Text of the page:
However, in a cost comparison, the Amazon Kindle does appear to be competitive when compared to purchasing hardcover material for casual reading. So, if you must, get an ereader for casual reading and traveling, but don’t expect to burn your books and get rid of that space-sucking bookshelf any time soon. If you’re truly serious about reading, and not just pretending to read while you surf Facebook ad infinitum, you’ll stick to real books, and avoid the iPad like the plague.

If this isn’t epic, I don’t know what is!

February 1, 2010
haha… what are the odds!

YouTube Link:


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Radiohead vs. Alberta for Haiti Relief

January 25, 2010

Radiohead, an alternative rock band from Oxford, England, hosted a benefit concert for Haiti this past weekend which raised a staggering $572,774 US in financial aid for the country, which was essentially destroyed by earthquakes earlier this month.

Tickets for the one-off concert concert were sold at an online auction with no bidding cap in order to raise “as much money as possible for the cause” and the band, although busy recording their eighth studio album at the time, figured playing the show was “the least they could do” to help.

The star-studded Los Angeles audience was extremely generous and, after hearing the financial results mid-concert, lead singer Thom Yorke is quoted as saying, “Fuck me! $572,774?… what did you do to get a ticket? Borrow money from your dad?”

In spite of being “in studio mode,” which resulted in an admittedly rusty stage presence and an open invitation to “feel free to sing along… as chances are we’ll forget the words,” the concert was well received and the band played hit tracks including Paranoid Android and Morning Bell, which may well be the best song of all time.

In what has been called a “bizarre turn of events” by some, the concert has caused a stir in some regions, where citizens have noted that the five piece band has managed to outdo the efforts of their entire populace.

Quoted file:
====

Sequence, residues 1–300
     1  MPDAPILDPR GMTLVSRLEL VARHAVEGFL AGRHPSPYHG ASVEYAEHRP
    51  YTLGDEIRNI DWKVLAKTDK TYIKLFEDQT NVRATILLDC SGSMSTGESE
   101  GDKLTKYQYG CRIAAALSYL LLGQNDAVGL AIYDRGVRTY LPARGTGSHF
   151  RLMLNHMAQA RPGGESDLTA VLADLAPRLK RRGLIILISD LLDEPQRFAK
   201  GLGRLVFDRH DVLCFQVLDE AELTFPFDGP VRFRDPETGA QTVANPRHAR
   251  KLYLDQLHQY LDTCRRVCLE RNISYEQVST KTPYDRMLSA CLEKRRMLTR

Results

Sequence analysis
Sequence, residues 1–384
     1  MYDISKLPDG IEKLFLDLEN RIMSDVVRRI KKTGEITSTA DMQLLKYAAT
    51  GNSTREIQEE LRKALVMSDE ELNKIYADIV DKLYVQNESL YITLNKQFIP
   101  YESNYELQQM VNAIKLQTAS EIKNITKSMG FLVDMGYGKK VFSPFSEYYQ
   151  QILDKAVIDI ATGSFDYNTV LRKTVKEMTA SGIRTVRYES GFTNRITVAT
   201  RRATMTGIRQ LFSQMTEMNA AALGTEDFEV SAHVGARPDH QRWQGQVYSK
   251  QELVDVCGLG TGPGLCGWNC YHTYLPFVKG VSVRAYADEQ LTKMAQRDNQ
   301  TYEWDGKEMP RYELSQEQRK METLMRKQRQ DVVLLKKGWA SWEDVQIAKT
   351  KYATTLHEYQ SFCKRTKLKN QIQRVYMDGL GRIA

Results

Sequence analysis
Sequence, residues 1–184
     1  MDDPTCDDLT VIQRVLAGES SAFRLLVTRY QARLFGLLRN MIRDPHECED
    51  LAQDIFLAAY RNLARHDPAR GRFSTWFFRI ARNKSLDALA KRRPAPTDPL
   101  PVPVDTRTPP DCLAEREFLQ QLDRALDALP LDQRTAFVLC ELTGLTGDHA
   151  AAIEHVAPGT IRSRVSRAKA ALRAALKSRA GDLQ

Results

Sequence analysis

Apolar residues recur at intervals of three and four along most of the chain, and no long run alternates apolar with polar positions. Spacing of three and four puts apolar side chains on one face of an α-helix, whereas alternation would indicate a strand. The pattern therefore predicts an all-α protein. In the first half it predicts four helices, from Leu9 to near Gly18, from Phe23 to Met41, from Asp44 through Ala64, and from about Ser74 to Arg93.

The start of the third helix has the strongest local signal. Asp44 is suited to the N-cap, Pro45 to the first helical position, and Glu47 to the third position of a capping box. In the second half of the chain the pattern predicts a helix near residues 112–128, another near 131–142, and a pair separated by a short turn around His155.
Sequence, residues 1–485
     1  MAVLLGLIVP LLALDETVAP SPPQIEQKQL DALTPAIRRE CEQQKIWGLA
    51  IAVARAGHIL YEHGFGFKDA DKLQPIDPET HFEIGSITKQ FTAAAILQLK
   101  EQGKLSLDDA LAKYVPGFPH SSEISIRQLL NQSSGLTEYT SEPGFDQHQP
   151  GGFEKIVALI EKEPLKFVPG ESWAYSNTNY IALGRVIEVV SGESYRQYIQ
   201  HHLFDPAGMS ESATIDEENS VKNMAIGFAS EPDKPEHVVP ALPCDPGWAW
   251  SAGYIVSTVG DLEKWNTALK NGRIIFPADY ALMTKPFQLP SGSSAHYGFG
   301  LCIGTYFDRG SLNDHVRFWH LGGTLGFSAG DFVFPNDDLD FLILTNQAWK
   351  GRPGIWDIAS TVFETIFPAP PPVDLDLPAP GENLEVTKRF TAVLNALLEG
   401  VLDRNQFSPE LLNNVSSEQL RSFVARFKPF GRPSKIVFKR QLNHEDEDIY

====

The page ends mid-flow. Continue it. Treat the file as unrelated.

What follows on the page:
Most notably, the province of Alberta, Canada, which is one of the most oil-rich regions on the planet and the only debt-free province in Canada, managed to scrounge up just $500, 000 Canadian for the cause. While any donation is surely welcome at a time such as this, some have called Alberta’s efforts “a slap in the face.”

When reporters approached Premiere Ed Stelmach about the pertinent issue at the 31st annual “Half Way to Stampede Breakfast” in downtown Calgary, he said, with a mouthful of plump sausages, “I’ve not heard of The Radioheads (sic), but they sure sound like they’re nice folk. Yee haw!” When asked to give the question at least a moment’s thought and reply with some sort of insight before blurting out a stereotypically shallow response and scrunching up his face like a cactus while speaking, Stelmach declined further comment and headed back to the grill for a second helping of “the best damn pancakes (he’d) ever had.”

In the meantime, the federal government has offered to match any donation made by Canadian citizens, and Albertans are urged to “show Radiohead who’s boss” and donate time or money to the relief agency of their choice.


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Bored with your Chia Pet?…

January 21, 2010

…Try a Chia Politician instead! What a hilarious invention… I’ll take two!

As funny as this is, I sure hope that they release a “Conservative-Minded Canadian Politician” series featuring Stephen Harper, Ralh Klein, and, just for laughs, Rob Anders and Preston Manning!


Image Fail #8

November 13, 2009

Name spelling fail. I msut be dysexlyc, how esle do you explian tihs!!


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Image Fail #7

November 6, 2009

Deer fail… ouch!